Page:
The number of severely unaffordable housing markets in the U.S. nearly doubled during the pandemic, jumping from 14 in 2019 to 27 in 2021, according to the latest edition of Demographia International Housing Affordability from the Urban Reform Institute and the Frontier Centre for Public Policy.
The study rates middle-income housing affordability in 92 housing markets in the U.S., Australia, Canada, China, Ireland, New Zealand, Singapore and the U.K.
Demographia International Housing Affordability uses the “median multiple” to rate middle-income housing affordability. This is a price-to-income ratio, which is the median house price divided by the gross median household income (pre-tax).
Researchers rate middle-income housing affordability in four categories:
- Affordable: median multiple, 3.0 and under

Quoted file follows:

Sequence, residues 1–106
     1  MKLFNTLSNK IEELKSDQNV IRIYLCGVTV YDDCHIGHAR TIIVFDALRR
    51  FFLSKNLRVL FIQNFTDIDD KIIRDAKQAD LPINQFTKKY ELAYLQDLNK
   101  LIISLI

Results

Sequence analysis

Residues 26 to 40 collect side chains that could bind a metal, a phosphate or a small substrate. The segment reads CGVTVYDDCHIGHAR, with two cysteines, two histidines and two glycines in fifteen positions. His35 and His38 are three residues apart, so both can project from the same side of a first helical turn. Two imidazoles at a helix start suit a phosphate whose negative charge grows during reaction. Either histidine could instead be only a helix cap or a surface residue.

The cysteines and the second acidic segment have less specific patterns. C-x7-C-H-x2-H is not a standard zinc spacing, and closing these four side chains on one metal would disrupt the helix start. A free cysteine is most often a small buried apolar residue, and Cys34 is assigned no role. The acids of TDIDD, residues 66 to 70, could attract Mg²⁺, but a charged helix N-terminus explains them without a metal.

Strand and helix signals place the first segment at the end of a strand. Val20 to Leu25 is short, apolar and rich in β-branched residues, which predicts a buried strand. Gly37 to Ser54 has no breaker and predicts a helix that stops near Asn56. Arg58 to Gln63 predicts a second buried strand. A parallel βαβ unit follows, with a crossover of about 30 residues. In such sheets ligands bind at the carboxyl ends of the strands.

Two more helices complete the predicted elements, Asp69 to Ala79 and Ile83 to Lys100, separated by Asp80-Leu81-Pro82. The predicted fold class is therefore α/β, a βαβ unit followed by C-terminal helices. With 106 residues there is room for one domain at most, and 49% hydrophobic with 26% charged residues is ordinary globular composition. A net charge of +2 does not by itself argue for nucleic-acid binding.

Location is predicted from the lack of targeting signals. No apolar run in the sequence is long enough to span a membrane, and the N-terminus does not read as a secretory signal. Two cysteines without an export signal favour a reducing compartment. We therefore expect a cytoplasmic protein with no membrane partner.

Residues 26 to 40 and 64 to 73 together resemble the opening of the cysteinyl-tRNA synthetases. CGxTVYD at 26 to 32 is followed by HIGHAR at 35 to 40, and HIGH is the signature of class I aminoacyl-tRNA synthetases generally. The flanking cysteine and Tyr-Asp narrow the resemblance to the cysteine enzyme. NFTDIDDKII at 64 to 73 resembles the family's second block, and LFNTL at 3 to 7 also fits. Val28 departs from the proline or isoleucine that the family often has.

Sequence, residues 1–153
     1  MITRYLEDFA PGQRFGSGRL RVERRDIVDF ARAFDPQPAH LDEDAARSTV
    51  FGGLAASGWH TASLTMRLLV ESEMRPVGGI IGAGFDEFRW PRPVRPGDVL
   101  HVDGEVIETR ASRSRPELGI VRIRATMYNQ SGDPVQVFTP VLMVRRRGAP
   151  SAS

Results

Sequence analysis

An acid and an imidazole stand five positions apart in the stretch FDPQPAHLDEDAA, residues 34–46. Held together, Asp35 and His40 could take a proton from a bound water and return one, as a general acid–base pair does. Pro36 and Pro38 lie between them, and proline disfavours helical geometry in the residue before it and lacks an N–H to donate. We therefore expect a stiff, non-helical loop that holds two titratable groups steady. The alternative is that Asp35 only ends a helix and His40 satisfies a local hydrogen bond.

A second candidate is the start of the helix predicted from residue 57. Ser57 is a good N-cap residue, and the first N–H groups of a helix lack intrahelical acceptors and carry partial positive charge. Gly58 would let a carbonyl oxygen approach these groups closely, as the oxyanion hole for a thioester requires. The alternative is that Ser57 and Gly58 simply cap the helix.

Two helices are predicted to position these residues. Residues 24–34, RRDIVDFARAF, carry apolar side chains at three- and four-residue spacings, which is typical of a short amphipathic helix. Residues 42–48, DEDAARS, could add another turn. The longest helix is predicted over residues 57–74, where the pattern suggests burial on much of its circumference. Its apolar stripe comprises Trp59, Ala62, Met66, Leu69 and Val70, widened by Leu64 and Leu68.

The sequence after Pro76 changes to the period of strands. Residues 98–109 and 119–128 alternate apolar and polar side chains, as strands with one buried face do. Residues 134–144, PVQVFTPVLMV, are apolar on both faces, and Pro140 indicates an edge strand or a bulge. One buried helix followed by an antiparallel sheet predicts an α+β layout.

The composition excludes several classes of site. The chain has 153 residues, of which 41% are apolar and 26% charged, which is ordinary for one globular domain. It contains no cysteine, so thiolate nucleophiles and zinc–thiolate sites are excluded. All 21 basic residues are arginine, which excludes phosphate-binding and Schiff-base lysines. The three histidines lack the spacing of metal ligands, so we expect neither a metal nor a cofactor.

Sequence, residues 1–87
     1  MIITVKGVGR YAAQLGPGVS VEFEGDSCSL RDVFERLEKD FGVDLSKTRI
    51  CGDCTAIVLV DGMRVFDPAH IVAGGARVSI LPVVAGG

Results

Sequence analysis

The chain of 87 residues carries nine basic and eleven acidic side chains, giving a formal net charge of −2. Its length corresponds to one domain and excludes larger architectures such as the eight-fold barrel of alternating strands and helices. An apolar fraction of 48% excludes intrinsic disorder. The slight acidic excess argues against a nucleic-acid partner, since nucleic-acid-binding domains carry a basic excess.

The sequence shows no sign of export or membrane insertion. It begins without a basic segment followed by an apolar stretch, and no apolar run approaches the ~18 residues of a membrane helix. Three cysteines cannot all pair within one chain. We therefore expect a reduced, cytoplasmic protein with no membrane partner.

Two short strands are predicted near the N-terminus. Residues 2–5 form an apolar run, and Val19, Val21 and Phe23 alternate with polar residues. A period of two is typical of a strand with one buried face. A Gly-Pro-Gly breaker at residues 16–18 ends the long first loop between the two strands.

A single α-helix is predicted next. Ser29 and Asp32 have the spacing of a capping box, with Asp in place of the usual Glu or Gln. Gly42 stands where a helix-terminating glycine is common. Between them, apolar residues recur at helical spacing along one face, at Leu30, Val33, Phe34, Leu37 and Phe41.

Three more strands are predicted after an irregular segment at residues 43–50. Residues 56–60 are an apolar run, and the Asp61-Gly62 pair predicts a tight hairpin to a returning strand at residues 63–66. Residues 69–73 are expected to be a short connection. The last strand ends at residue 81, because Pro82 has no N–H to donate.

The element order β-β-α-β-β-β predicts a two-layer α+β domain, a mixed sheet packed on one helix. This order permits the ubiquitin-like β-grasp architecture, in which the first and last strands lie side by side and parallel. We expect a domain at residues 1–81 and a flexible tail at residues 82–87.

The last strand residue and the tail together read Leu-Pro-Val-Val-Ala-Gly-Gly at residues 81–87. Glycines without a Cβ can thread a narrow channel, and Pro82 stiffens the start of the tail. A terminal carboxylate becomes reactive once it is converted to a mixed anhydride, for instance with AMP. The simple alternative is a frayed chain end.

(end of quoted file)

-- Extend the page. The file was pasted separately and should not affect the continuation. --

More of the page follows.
- Moderately unaffordable: 3.1 to 4.0
- Seriously unaffordable: 4.1 to 5.0
- Severely unaffordable: 5.1 and over
According to the report, housing markets are both metropolitan areas and labor markets. It notes that in a well-functioning market, the median priced house should be affordable to a large portion of middle-income households, overwhelmingly the case a few decades ago.
Demographia International Housing Affordability found that housing affordability across the world in 2021 grew considerably worse: Median multiples of 10.0 or more increased by a factor of five from a decade ago.
Hong Kong is the least affordable market, with a nosebleed-inducing median multiple of 23.2. By comparison, the most affordable market has a median multiple of 2.7.
The pandemic demand shock resulted in an unprecedented deterioration in housing affordability, according to the report. The number of severely unaffordable markets rose by 60% in 2021 compared with 2019, the last pre-pandemic year.
Declining housing affordability, in turn, is driving higher costs of living. In the U.S., more than 85% of cost-of-living differences between high- and average-cost metropolitan areas are due to housing costs, the report said, citing French economist Thomas Piketty.
The study examined 56 markets in the U.S., which had a median unaffordability rating of 5.0, the lowest in the world.
See the gallery for the 12 least affordable markets in the U.S.